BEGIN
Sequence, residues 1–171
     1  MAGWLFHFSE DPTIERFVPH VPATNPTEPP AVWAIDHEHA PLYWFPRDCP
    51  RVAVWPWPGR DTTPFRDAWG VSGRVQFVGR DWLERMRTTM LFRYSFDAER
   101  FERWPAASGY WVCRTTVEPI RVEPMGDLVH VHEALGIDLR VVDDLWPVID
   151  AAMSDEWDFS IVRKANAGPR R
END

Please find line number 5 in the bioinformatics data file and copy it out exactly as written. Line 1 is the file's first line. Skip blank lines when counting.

   151  AAMSDEWDFS IVRKANAGPR R